Friday, July 27, 2012

Dangers of dialectic: No, Mr. Schumer, it isn't reasonable


Chuck Schumer is at it again. Exploiting the most recent case in which a mental patient got a gun, he sought, according to this article, to

...make it illegal to transfer or possess large capacity feeding devices such as gun magazines, belts, feed stripes and drums of more than 10 rounds of ammunition with the exception of .22 caliber rim fire ammunition. 

He finds this reasonable.

“We can debate where to draw the line of reasonableness, but we might be able to come to an agreement in the middle,” Schumer said. “Maybe, maybe, maybe we can pass some laws that might, might, might stop some of the unnecessary casualties … maybe there’s a way we can some together and try to break through the log jam and make sure the country is a better place.”

The trouble is it is not reasonable at all. If we have violent gangsters rolling around with 30-round, normal capacity magazines, or 100-round, additional capacity drums, and there may be several of said criminals, then no, it is not reasonable that I be limited to a 10-round magazine. I take it as reasonable that I be at least as well armed as the bad guys and crazies and terrorists. The country is not "a better place" if the honest man is routinely outgunned by the lawless.

The Aurora, Colorado shooting is tragic, of course. If the suspect's psychiatrist had flagged him as dangerous, thereby keeping an insane man from arming himself, that would make the country a better place. As the law is now written it takes a formal finding of mental incompetence or commitment to an institution to deny the right to arms. If either of those happens to someone, it is supposed to show up on his background check. But many psychiatrists prefer a low key style of treatment that does not turn the patient's world upside down. A strong intervention, involving a sanity hearing or a commitment, even if timely and called for, will wreck the patient's life in several ways beyond his ability to buy guns. It will probably nix his ability to form contracts and get credit, for example. It may mean he can never get a decent job again. So, often, the psychiatrist will err on the humane side and try gentler means.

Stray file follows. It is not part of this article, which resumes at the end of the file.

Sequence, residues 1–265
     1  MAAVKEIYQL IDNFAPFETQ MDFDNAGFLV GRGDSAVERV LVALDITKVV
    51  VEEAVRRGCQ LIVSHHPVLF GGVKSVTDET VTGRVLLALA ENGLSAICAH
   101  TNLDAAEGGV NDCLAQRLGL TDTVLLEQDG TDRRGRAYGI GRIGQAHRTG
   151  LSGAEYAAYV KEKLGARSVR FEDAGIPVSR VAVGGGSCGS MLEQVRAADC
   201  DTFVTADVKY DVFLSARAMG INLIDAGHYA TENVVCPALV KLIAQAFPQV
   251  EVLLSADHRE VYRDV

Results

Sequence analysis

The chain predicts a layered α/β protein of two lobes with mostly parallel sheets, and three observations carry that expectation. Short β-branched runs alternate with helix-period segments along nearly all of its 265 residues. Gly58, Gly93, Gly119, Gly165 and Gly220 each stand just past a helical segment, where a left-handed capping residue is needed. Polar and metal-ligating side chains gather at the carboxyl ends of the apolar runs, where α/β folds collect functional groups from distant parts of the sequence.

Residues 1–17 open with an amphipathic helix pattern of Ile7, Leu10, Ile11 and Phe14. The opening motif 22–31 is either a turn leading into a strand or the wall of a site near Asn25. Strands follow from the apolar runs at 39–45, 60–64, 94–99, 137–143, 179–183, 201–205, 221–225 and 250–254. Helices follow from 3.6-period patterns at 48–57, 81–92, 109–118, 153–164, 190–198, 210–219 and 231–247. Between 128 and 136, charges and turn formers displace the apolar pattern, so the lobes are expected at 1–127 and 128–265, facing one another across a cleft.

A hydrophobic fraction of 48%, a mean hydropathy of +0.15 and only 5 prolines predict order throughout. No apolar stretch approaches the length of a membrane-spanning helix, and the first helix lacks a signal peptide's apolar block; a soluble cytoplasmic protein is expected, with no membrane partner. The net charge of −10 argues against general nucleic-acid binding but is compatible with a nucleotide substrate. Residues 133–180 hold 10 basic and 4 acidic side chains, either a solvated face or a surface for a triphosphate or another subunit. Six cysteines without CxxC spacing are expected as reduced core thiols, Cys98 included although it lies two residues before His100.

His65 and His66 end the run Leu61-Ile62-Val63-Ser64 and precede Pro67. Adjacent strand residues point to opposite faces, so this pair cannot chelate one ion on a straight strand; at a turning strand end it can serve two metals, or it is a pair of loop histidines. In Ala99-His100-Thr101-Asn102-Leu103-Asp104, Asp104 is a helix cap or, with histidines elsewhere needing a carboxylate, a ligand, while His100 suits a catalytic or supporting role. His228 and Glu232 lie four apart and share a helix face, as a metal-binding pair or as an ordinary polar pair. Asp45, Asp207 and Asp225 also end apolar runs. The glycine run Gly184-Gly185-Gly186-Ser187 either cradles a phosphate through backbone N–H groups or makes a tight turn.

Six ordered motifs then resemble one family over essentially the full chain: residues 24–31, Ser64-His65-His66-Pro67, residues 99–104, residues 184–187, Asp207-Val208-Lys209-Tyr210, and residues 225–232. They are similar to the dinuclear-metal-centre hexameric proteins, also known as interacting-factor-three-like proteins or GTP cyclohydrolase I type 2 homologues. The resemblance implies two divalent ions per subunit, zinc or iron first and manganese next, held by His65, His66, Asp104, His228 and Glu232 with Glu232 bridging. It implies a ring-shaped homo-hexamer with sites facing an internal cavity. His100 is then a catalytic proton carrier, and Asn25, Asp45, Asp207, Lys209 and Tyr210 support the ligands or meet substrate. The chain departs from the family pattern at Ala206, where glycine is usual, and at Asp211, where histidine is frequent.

Still, there is such a thing as a doctor's word to the wise, a whisper in the proper ear, an off the record phone call to the chief of police that Patient X is unhinged, in potentially violent ways, and you probably want to keep an eye on the guy--and the gun sales records. It didn't happen in this case. Perhaps making that phone call violates medical ethics, but it is a narrow technical violation if it does. It is done for the patient's good. The patient's good is not served if he ends up with dead bodies piled up and unable, as the suspect now says, to account for the matter. He  says he doesn't remember.

If you heed Mr. Schumer's remarks, it would seem that he does not know that we already have thorough background checks (as thorough as the information that goes into the system, anyway) and laws intended to prevent the insane from arming themselves. From there he proceeds to a bill against sane people having normal sized magazines, a non sequitur.

“Maybe we could come together on guns if each side gave some,” Schumer said.

The trouble with dialectical reasoning like Mr. Schumer's is that each side must have something it can give up. Schumer is offering nothing and we on the other side have given up quite enough already. The problem here isn't gun control or magazine control. It is nut control. No compromise is possible on the basis that honest citizens, sane ones responsible for their conduct, should be treated like crazies. The sane, honest, law abiding citizens shall have weapons suitable for their own defense. Neutered Clinton magazines are inadequate.

No, Mr. Schumer, there is no reasonable compromise by which the sane are tasked for the acts of the insane, or the law abiding for the acts of evil people. Arms, as in the right to keep and bear them, mean the efficient kind, credibly able to deal with real world threats.

Let me try to put this magazine capacity issue into a perspective the Congressman will understand. Let us suppose we make it a rule in your district that people of a certain party may vote once each, but people of the opposing party may vote three times to their once. Oh, wait. Never mind...


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